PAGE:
This paper presents a study of the iconographic relationship between medieval church porches and the porches of King Solomon. In so doing it develops Richard Krautheimer’s work to elucidate the inventive capacity of medieval designers when a prototype is known only through written sources not structural actuality. The paper begins by introducing instances where established architectural modes were adopted for the design of a church porch, for example the cloistral attributes of the porch at Great Massingham (Norfolk). It is then argued that, based on formal study of entrance buildings including porch-towers, gatehouses, and ultimately the remarkable double-depth north porch at St Mary Redcliffe, biblical descriptions of Solomon’s forebuildings presented designers with malleable models which afforded inventive architectural interpretation.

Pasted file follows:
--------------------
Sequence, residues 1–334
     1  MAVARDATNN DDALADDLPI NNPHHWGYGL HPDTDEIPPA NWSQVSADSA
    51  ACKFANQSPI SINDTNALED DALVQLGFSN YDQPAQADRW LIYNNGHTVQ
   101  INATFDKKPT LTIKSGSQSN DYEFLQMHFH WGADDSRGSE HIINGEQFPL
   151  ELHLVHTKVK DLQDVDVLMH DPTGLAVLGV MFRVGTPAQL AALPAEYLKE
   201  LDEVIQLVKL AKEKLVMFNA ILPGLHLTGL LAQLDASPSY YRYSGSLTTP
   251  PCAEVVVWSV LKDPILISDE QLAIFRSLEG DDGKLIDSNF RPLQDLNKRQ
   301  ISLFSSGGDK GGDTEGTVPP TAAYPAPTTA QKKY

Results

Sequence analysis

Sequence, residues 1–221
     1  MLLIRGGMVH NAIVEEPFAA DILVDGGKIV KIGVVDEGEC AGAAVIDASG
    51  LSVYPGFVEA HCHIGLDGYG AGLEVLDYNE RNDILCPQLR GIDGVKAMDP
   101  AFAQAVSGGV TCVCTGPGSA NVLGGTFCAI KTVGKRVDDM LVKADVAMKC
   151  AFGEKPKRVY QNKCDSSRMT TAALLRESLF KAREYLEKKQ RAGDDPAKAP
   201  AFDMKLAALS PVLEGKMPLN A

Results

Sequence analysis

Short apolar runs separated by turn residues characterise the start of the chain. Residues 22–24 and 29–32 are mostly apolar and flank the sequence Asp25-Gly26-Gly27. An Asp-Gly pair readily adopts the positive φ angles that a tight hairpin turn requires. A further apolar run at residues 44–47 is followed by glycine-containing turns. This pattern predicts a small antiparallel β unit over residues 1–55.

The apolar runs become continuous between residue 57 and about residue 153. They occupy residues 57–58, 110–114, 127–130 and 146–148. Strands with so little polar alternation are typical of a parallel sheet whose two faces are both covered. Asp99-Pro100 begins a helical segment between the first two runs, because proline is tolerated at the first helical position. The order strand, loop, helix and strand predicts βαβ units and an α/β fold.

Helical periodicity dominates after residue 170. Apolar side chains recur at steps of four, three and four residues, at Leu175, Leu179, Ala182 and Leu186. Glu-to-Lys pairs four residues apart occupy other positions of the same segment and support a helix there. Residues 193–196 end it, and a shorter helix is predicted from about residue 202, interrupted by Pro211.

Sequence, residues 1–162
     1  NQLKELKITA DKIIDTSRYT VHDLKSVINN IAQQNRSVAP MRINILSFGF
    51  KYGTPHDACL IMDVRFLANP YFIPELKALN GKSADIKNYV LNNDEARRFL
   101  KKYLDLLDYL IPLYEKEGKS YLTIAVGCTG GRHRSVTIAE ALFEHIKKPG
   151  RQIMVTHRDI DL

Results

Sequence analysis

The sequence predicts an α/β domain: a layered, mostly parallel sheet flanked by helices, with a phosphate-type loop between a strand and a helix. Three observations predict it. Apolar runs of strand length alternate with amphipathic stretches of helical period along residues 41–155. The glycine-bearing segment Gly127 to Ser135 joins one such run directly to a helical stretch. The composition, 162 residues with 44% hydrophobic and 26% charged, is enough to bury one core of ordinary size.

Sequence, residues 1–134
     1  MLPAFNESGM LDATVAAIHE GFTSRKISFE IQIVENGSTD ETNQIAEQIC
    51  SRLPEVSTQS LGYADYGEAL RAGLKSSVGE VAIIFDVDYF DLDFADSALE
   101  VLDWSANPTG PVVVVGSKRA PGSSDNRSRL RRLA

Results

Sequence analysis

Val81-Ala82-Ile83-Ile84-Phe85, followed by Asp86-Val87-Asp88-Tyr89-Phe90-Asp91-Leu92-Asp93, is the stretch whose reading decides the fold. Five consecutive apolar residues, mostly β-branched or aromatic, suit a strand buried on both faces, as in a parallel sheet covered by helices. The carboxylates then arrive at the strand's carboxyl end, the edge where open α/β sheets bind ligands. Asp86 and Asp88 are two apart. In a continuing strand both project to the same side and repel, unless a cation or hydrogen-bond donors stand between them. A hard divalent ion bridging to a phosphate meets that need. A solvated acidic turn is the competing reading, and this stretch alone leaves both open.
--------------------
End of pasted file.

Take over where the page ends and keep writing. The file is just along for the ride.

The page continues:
|Journal||British Art Studies|
|Publication status||Published - 29 Jun 2017|